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Am J Emerg Med. 1991 Nov;9(6):544-6.

Numerators, denominators, and survival rates: reporting survival from out-of-hospital cardiac arrest.

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Center for Evaluation of Emergency Medical Services, King County Health Department, Seattle, WA 98104.


This study demonstrates the effect of different denominators on the survival rate from out-of-hospital cardiac arrest. We retrospectively analyzed data from a cardiac arrest surveillance system in King County, Washington during the years 1976 to 1988, and calculated survival rates using eight different definitions of denominators. The eight survival rates ranged from 16% to 49% discharge from hospital. The denominator for the lowest survival rate included all cases of cardiac arrest for whom emergency medical services personnel started cardiopulmonary resuscitation. The denominator for the highest survival rate included: all cases of presumed cardiac etiology; first recorded rhythm was ventricular fibrillation; collapse witnessed; cardiopulmonary resuscitation started by bystanders within 4 minutes; and definitive care provided within 8 minutes. The definition of cases included in the denominator can dramatically effect the resultant survival rate. There must be national and international agreement about definitions of denominators for valid cross community comparisons.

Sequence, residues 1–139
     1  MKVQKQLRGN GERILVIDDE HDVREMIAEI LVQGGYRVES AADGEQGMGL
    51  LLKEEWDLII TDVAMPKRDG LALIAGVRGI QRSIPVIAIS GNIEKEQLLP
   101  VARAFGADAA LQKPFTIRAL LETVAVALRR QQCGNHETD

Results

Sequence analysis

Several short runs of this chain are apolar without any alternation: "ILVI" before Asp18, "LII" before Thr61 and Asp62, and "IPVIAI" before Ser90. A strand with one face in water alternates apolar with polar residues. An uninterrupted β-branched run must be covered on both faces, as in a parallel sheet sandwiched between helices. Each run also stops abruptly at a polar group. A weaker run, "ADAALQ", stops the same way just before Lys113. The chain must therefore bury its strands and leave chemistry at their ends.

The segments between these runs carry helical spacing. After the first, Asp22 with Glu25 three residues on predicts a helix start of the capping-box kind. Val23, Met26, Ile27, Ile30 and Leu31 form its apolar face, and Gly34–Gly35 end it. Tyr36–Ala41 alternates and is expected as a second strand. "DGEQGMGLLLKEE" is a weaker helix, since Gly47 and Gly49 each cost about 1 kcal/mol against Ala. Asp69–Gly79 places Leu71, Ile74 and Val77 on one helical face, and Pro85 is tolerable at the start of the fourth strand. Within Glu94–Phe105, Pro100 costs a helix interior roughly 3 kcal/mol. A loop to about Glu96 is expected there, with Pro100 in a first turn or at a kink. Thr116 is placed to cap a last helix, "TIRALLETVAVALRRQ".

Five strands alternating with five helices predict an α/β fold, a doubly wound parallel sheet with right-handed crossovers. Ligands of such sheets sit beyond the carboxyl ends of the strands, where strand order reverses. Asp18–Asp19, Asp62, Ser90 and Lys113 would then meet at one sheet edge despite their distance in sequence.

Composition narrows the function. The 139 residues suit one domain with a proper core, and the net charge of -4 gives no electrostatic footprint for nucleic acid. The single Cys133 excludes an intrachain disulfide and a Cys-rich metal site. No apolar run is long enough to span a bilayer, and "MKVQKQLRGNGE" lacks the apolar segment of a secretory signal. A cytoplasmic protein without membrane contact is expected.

[Indexed for MEDLINE]

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